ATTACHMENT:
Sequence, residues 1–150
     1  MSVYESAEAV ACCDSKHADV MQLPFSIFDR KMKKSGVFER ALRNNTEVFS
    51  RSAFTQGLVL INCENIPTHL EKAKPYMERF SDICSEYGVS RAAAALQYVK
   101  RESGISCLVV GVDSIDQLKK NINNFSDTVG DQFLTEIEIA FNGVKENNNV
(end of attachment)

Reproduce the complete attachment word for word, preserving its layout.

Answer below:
Sequence, residues 1–150
     1  MSVYESAEAV ACCDSKHADV MQLPFSIFDR KMKKSGVFER ALRNNTEVFS
    51  RSAFTQGLVL INCENIPTHL EKAKPYMERF SDICSEYGVS RAAAALQYVK
   101  RESGISCLVV GVDSIDQLKK NINNFSDTVG DQFLTEIEIA FNGVKENNNV